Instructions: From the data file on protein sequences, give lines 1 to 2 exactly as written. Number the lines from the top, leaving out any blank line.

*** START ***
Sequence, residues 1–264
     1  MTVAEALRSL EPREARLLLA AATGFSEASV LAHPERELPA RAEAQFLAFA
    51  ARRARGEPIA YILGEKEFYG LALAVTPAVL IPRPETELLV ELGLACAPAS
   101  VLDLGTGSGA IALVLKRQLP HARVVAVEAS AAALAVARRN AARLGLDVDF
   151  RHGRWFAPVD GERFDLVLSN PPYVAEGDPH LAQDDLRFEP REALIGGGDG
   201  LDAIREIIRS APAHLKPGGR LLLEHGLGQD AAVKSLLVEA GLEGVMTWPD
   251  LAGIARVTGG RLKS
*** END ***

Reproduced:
Sequence, residues 1–264
     1  MTVAEALRSL EPREARLLLA AATGFSEASV LAHPERELPA RAEAQFLAFA